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Guardianship for Incapacitated Persons in Medical Interventions: Legal and Ethical Considerations

Abstract
Treatment of incapacitated persons poses tremendous challenge to the medical fraternity due to the manifold legal issues associated with it. Since the incapacitated persons are not in a position to provide informed consent, which is the essence of medical interventions across the globe, the medical practitioners or the hospital authorities have the task of obtaining the consent of incapacitated patient’s legal guardian. This is not an easy task in the cases wherein several persons, clowely related or associated with the incapacitated patient, come forward to establish themselves as guardians, and express contrary views on the treatment of the patient. Even if the problems are not encountered in zeroing down the legal guardian of an incapacitated patient, the medical practitioners would be in a fix as to the genuineness of consent given by the legal guardian. This is more so in case of physician assisted suicide or withdrawal of life support system of an incapacitated patient. Due to the inherent limitations in testing the veracity of consent given on behalf of the incapacitated patient, medical practitioners would have difficulties in arriving at a wise decision. It is to be noted that while his decision to act on the consent given on behalf of incapacitated patient might go against the interest of the patient, his failure to act on it may subject him to the burden of bearing the cost of treatment, which the guardian of the patient may refuse to pay. This is why the Indian Supreme Court in the historic judgment of Aruna Ramachandra Shanbaug v. Union of India and Others observes that the decision to withdraw the life support can only be done with approval of the concerned High Court, which should act as parens patriae to protect the best interests of the patients.

While above are the concerns of the medical fraternity, the legal guardians of incapacitated patient also find difficulties in certain decision-making. On the one hand, it is difficult for them to see the sufferings of the patient, and on the other hand, they would not be willing to give consent for the termination of life of their dear one. The economic factors, ranging from the guardian’s capability to bear the expenses of treatment to the benefits gained by the guardian out of any decision, may play a key role in arriving at a conclusion by the guardian, which may be detrimental to the interests of the incapacitated patient. Thus, all these factors open up the Pandora’s Box of determining good faith of the guardian in the decision-making. Simlilar problems at the guardian’s level may also arise with respect to giving consent for medical experiments or surgical interventions, which may be risky but inevitable as a last ray of hope for recovery of the incapacitated patient. In the wake of these ethico-legal dilemmas, the present paper would first probe into the determination of guardianship for incapacitated paitents. In the second part, difficulties faced by the medical practitioners and hospital authorities in relying on the consent of the guardian would be looked into. The third part would highlight the guardian’s dilemma in various instances while taking a decision on medical intervention for incapacitated patient. Finally, the paper would conclude with suggestions to address these issues effectively.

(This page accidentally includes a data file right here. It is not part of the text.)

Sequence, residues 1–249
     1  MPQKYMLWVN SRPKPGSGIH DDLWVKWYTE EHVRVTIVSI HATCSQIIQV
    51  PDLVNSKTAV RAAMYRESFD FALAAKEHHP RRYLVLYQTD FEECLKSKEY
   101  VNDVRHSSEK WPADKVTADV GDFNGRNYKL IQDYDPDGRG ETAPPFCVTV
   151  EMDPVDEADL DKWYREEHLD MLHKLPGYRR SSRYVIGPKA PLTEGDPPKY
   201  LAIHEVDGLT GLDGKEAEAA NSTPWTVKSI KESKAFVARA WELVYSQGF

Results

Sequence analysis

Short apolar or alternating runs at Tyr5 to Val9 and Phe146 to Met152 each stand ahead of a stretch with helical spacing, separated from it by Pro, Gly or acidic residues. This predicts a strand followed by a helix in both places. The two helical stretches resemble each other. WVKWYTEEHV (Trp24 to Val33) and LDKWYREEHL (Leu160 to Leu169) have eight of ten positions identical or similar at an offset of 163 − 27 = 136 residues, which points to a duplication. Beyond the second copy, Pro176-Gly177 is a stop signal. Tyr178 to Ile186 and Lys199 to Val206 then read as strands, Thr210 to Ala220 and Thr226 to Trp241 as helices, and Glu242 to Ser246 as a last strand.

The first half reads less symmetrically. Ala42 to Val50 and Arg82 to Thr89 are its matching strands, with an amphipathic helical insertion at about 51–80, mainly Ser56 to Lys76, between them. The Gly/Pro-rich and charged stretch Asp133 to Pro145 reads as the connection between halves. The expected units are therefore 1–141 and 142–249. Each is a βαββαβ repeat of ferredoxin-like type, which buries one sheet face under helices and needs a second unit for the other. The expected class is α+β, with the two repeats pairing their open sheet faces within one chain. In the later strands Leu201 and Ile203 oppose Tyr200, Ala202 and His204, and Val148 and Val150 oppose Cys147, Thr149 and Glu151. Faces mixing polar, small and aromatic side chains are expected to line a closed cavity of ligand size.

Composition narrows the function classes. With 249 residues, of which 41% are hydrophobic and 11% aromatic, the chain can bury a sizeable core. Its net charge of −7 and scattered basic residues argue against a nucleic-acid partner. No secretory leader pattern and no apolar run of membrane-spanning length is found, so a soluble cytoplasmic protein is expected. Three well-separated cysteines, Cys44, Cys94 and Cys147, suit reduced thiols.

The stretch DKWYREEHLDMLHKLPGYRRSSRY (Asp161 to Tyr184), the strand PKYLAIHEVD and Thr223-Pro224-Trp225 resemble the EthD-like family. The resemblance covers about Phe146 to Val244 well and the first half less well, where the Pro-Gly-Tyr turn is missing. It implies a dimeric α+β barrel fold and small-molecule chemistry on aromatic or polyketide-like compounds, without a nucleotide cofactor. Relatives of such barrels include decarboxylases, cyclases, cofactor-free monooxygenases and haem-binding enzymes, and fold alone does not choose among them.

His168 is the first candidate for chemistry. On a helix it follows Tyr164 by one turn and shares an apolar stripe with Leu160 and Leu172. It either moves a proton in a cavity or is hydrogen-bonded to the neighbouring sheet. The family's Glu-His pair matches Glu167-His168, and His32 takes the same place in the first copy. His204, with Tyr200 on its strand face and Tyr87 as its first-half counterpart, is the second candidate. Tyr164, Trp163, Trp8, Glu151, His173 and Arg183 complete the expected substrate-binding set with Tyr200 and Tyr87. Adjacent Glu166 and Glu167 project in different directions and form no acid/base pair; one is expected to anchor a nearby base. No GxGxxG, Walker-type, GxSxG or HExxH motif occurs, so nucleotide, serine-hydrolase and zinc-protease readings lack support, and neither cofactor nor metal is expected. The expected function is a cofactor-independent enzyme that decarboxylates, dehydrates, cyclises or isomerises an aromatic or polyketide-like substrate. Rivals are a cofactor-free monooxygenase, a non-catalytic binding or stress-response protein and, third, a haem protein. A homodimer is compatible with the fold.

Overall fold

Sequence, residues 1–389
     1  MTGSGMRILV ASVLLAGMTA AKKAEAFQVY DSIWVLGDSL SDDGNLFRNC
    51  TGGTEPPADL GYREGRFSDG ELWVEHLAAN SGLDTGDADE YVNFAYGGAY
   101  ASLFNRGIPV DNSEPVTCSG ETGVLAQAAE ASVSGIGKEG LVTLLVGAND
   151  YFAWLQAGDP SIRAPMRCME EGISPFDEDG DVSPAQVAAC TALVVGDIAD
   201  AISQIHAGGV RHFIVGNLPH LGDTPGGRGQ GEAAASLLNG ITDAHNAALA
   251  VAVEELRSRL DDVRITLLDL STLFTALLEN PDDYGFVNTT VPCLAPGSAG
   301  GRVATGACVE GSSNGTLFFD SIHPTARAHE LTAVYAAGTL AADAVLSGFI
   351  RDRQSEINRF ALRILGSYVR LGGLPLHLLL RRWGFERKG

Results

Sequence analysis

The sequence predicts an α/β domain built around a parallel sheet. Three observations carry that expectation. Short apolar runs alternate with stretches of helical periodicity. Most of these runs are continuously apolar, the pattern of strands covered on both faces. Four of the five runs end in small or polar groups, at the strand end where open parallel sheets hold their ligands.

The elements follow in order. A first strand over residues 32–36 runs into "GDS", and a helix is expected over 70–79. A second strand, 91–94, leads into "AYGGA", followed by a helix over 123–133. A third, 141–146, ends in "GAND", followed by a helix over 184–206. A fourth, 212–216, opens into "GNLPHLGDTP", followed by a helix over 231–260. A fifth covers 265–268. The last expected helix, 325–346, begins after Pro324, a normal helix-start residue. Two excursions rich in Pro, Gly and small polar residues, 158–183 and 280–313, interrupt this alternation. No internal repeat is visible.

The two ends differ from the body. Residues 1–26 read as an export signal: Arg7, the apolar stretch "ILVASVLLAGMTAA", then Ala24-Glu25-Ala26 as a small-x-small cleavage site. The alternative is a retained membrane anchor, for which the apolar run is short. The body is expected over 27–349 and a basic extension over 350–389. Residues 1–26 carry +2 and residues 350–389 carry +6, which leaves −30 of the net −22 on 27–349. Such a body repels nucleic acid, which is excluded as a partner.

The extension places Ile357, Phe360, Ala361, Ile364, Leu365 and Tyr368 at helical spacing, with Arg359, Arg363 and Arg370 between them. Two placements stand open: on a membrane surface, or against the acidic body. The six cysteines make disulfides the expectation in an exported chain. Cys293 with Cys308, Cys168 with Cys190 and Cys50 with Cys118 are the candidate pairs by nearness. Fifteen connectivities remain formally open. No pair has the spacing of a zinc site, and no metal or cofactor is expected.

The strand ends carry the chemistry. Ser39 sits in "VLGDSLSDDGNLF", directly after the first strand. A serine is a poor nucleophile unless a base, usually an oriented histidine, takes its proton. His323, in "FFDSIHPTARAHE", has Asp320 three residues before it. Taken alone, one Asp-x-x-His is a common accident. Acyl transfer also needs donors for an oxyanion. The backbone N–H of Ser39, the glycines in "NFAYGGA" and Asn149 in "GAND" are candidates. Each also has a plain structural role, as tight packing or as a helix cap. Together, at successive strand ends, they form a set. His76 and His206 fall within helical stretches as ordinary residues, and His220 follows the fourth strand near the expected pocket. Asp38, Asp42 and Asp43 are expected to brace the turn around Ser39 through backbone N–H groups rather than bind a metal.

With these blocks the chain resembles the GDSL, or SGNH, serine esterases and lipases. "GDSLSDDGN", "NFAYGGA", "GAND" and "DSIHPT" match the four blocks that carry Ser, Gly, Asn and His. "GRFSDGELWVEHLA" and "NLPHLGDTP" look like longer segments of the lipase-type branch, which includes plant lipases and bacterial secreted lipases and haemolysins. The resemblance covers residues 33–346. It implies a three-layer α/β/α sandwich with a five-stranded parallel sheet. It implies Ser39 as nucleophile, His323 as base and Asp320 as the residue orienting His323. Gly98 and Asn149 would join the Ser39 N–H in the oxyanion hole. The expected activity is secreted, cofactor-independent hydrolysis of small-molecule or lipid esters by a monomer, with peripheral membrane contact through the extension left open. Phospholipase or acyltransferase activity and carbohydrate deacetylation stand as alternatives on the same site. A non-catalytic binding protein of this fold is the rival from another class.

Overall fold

Dr. Sandeepa Bhat is working as Associate Professor (Law) at National University of Juridical Sciences (NUJS), Kolkata. He has more than twelve years of teaching and research experience at National Law School of India University (NLSIU), Bangalore and NUJS, Kolkata, which rank among the top Law Schools in India. He did his LL.B. from Mangalore University with Third Rank and gold medal. He has done his specialization in International Law and Business and Trade Law (LL.M.) with First Rank and double gold medal at University of Mysore. His Ph.D. is in the field of Space Law.

Dr. Bhat has the experience of researching on World Bank’s Major Research Project on Public Health Laws and Regulations, and Indian Space Research Organization’s (ISRO) Major Research Project on Laws Relating to Satellite Financing. He is currently researching (as Principal Investigator) on WB Judicial Academy’s Major Research Project on Medical Negligence and Ministry of Justice’s Major Research Project on ADR and Legal Aid. He has the distinction of being the member of International Institute of Space Law (IISL), Paris, France.

Dr. Bhat is the founding Editor-in-Chief of the Asian Journal of Air and Space Law and is also associated with various other publications in different capacities. He has edited two books on Space Law and one book on Medical Law. His two more books on medical laws are in the process of publication. In addition, he has published more than thirty articles in the journals of international and national repute. He has presented more than twenty five research papers in the international and national conferences At NUJS, he also coordinates Post Graduate Diploma in Air and Space Law and Post Graduate Diploma in Public Healthcare and Medical Laws. In addition, he has the distinction of being the member of ISRO Expert Advisory Group for drafting the National Space Act for India.

Dr. Bhat’s areas of interest are Air & Space Law, International Trade Law, and Medical Law & Ethics.